See Dawn Skorczewski, “What Prison Is This? Literary Critics Cover Incest in Anne Sexton’s ‘Briar Rose,’” Signs 21:2 (Winter 1996): 326–329. In this essay, Skorczewski cites only male critics who ignore the signs of incest in Sexton’s “Briar Rose,” while many female critics have ignored the signs in all of Sexton’s poetry, as well. For example, two women critics deny the incest in essays from 1992 and 1994; see Karen Alkalay-Gut, “‘For We Swallow Magic and We Deliver Anne’: Anne Sexton’s Use of Her Name,” The Anna Book: Searching for Anna in Literary History, ed. Mickey Pearlman (Westport, CT: Greenwood, 1992): 139–49, p. 142; and Jacqueline Banerjee, “Grief and the Modern Writer,” English: The Journal of the English Association 43:175 (Spring 1994): 17–36, p. 21. Two other women critics resist confirming it; see Ellen Cronan Rose, “Through the Looking Glass: When Women Tell Fairy Tales,” in The Voyage In: Fictions of Female Development, ed. Elizabeth Abel, Marianne Hirsch, and Elizabeth Langland (Hanover, NH: University Press of New England for Dartmouth Coll., 1983): 209–227, p. 216; and Alicia Ostriker, “Anne Sexton and the Seduction of the Audience,” in Sexton: Selected Criticism, ed. Diana Hume George (Urbana, IL: University of Illinois Press, 1988): 3–18, p. 13.CrossRefGoogle Scholar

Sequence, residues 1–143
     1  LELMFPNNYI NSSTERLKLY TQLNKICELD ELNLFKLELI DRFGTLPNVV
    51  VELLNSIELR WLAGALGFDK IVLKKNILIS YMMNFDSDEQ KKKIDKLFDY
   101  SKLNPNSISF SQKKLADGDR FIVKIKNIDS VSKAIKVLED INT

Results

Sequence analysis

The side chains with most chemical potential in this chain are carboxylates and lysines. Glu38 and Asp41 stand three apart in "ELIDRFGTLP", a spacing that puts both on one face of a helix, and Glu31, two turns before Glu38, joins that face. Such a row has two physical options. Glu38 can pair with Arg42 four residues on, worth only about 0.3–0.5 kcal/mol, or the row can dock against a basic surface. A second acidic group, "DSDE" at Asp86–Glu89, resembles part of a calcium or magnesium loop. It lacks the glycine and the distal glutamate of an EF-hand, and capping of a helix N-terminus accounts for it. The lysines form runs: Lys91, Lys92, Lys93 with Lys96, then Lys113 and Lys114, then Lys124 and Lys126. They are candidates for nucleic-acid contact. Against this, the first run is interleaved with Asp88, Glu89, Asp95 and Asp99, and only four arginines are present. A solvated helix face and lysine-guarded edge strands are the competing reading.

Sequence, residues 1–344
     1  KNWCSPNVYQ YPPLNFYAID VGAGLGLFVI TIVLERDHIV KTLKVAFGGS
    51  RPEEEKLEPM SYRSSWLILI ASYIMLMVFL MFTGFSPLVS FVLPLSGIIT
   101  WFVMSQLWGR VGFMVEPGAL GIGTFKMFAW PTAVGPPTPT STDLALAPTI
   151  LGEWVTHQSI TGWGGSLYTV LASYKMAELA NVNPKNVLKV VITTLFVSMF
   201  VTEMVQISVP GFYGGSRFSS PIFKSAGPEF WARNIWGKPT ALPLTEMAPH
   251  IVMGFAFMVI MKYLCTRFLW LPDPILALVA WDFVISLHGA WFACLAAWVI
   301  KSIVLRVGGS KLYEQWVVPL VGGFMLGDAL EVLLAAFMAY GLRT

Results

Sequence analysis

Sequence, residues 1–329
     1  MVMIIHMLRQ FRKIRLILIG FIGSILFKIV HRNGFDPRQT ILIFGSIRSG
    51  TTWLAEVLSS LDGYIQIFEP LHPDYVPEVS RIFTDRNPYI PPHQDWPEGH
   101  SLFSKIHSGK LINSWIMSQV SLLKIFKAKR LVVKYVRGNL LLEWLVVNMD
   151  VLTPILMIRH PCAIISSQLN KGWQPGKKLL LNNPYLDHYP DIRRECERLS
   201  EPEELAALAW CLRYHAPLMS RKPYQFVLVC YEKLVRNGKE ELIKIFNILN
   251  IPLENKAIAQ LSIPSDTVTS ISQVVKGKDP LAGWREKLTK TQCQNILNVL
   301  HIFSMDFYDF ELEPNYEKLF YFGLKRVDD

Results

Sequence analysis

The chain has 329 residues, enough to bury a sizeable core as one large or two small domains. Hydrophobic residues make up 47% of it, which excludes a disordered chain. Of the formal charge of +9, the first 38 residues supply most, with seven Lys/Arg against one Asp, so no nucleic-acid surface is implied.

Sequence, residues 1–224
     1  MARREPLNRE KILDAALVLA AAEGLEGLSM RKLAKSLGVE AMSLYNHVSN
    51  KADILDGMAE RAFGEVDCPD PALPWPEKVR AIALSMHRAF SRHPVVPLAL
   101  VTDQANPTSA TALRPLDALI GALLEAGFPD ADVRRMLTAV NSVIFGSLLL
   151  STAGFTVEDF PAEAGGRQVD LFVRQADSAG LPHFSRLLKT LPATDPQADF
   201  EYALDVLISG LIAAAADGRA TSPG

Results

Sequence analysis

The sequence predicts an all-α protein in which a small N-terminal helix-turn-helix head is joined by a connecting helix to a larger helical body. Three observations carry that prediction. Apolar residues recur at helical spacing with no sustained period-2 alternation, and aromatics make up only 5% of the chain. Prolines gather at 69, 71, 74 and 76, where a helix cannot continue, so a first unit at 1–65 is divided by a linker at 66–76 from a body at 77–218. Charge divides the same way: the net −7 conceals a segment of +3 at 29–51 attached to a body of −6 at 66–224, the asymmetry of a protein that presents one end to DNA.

5. 9.
    Anna Wilson writes of the tokenization of Lorde by white critics in her essay, “Rites/Rights of Canonization: Audre Lourde as Icon,” in Women Poets of the Americas: Toward a Pan-American Gathering, eds. Jacqueline Vaught Brogan and Candelaria Cordelia Chavez (Notre Dame, IN: University of Notre Dame Press, 1999): 17–33.Google Scholar
  6. 10.